August 18, 2006
After starting in T.V. with Xena: Warrior Princess, John Fawcett hit his stride with the werewolf horror Ginger Snaps; a refreshing female take on the lycanthrope legend that put expensive studio fare to shame. Sadly, he only had a peripheral involvement with its two sequels and went back to dabbling on the small screen (Taken, Mutant X), but now he’s back with The Dark, a horror set on the Isle of Man involving sheep, torture and (gulp) The Welsh. Argh!
The Dark sank without a trace at the box office and while it’s not the best or most original horror ever made, it is better than most of the Sixth Sense rip-offs we’ve had to put up with in the last five years. Based on the novel Sheep by Simon Maginn, The Dark centres around a mother and daughter who visit estranged father James (Bean in sleepwalk mode) on the Isle of Man. Things get twitchy when Sarah witnesses some sheep committing suicide by jumping off a cliff, and soon after she disappears herself. Did she drown or was she taken by the dark forces that have a history in James’s old cottage?
The Dark is nicely shot – it certainly lives up to its name. You’ll be squinting at the screen more often than not. And if the scares are old hat (a reflection in a mirror, a door banging shut), at least they’re done well. The concept of a purgatory where a living person can be sacrificed for the return of a dead one isn’t new either (Pet Semetary anyone?) and while this unique Welsh Netherworld called Annwn has never been explored on film before, it is both the film’s curse and saving grace. Curse because the second half is rather muddled and saving grace because Fawcett presents Annwn (pronounced Ar-noon) as a sort of temporal dreamstate sapped of colour; a parallel world that’s the same but different. (If you’ve played the Playstation game Soul Reaver you’ll have a good idea of the concept).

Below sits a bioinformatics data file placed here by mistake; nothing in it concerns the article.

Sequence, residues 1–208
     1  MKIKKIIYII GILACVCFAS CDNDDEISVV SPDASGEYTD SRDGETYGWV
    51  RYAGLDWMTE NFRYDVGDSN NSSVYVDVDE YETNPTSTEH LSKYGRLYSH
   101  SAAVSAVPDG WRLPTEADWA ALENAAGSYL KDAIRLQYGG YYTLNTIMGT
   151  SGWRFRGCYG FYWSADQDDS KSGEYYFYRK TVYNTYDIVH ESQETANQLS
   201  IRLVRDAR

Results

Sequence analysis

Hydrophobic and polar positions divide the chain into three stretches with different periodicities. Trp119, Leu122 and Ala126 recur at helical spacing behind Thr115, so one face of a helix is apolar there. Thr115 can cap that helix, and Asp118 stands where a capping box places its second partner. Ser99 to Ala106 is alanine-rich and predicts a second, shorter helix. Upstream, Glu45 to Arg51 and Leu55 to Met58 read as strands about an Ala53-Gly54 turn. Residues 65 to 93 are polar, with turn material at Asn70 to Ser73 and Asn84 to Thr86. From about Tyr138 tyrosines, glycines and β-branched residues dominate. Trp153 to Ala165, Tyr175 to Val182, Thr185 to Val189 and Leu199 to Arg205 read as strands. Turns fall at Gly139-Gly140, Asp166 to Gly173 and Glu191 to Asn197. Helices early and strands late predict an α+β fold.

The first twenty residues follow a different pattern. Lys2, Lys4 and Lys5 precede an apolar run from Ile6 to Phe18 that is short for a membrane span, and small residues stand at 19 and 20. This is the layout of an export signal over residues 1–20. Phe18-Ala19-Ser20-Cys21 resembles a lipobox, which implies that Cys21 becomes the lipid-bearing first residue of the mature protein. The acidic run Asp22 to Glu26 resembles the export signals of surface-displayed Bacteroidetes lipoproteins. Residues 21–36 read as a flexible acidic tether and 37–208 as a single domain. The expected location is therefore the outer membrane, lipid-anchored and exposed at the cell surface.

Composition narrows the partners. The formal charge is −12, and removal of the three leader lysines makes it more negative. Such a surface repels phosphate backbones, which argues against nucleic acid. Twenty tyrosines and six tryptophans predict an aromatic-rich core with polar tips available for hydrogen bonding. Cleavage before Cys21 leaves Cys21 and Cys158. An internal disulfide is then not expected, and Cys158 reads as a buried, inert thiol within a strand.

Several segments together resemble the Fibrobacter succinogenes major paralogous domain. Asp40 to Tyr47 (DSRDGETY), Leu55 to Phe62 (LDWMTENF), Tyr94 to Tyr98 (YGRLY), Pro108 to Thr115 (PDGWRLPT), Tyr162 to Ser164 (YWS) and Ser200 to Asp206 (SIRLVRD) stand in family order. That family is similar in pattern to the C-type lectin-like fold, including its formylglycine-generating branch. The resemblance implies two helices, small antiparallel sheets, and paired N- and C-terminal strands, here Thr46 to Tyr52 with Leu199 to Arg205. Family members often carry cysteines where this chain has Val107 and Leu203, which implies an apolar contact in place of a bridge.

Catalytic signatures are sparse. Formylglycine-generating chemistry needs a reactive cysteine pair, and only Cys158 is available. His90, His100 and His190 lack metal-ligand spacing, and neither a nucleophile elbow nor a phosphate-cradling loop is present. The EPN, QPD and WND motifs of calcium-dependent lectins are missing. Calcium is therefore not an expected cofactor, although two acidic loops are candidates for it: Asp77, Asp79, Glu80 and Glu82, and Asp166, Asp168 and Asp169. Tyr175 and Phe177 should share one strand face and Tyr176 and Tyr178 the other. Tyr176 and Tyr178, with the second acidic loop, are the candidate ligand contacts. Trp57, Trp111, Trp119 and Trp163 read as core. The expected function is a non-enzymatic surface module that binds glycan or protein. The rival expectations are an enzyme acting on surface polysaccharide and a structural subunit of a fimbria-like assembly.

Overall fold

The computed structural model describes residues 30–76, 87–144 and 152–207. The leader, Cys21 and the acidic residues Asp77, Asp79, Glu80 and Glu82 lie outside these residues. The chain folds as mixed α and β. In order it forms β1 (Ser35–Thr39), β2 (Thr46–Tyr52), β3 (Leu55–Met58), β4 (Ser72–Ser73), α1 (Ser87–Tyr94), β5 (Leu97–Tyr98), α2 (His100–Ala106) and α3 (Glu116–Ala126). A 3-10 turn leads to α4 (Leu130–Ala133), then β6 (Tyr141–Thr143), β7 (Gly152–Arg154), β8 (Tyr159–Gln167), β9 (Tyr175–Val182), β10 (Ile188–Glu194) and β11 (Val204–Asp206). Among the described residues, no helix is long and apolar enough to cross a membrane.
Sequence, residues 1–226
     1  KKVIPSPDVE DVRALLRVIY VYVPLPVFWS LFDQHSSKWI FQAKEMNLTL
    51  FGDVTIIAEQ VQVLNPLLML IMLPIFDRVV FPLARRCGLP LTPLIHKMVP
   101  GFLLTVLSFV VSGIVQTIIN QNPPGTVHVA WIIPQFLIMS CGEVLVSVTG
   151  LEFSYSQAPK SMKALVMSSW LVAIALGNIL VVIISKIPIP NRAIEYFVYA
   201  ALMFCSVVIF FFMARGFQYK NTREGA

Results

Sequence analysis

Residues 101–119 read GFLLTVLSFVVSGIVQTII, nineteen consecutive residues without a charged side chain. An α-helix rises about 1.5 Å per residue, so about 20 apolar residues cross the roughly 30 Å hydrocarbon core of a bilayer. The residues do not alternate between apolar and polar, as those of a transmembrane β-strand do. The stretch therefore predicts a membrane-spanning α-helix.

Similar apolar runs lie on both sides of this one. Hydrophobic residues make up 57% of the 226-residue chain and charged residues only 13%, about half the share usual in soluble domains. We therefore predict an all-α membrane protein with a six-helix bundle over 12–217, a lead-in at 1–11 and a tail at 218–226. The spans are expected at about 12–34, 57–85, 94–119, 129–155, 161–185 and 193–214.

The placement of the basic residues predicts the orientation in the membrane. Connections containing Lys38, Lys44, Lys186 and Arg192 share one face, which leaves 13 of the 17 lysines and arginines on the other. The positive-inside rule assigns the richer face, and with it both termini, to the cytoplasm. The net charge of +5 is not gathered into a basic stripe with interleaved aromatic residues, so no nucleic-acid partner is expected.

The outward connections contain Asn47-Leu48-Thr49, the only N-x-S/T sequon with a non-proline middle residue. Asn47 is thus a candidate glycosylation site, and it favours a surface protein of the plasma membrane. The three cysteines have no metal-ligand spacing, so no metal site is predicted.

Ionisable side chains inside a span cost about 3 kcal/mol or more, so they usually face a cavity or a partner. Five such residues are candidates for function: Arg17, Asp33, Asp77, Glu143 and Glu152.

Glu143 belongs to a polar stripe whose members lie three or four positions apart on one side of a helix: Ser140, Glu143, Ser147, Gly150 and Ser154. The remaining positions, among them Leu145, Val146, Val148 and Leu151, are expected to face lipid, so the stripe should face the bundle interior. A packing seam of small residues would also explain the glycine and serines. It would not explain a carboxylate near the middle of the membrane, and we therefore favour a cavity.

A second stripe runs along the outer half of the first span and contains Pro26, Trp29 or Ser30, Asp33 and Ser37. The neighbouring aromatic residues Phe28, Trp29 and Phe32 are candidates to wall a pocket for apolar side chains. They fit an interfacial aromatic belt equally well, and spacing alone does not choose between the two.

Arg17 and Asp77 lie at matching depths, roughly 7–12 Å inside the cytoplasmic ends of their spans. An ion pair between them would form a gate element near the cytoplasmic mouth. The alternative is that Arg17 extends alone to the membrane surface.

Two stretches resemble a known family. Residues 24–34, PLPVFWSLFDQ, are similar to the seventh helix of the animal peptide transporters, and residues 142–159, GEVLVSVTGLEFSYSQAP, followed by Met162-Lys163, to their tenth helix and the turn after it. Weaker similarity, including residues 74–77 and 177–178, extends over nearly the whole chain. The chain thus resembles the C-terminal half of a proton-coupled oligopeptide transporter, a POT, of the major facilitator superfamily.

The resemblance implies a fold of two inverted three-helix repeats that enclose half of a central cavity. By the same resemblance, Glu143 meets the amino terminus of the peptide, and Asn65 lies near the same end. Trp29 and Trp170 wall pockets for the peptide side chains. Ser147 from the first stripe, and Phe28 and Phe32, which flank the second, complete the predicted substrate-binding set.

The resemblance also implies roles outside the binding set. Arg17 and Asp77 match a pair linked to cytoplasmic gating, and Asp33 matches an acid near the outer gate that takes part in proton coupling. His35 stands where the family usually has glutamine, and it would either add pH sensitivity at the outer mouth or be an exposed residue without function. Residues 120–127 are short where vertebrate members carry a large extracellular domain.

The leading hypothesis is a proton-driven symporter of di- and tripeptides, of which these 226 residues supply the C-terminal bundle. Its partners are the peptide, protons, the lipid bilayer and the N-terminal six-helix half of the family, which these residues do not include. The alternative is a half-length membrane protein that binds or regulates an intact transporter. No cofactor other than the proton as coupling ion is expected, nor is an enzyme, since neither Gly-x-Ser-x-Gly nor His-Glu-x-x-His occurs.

Without such interesting characters as Brigitte or Ginger, all Fawcett is left with is some pretty photography and a lot of wood. Or Sean Bean as he’s better known. Perhaps if he’d stuck to Maginn’s original story instead of changing it almost beyond recognition (he wanted to make a supernatural thriller instead of a straight horror) he might have been on more stable ground. Fawcett still manages a few surprises (James blows up at his wife, telling her there’s no way their daughter is still alive, only to turn around and see…well, you’ll find out) and at least attempts a different sort of ending, but it’s all a bit hit and miss.
Overall The Dark has the faint whiff of studio re-editing around the edges, but just about works as a good old-fashioned campfire tale. And it does look great. Which leaves us with an entertaining, but ultimately average horror.
An alternative and arguably better ending, a trailer and interviews with the main cast and crew. Fawcett loses points for “wanting to work with Paul W.S. Anderson,” and openly butchering the original author’s novel; every writer’s nightmare.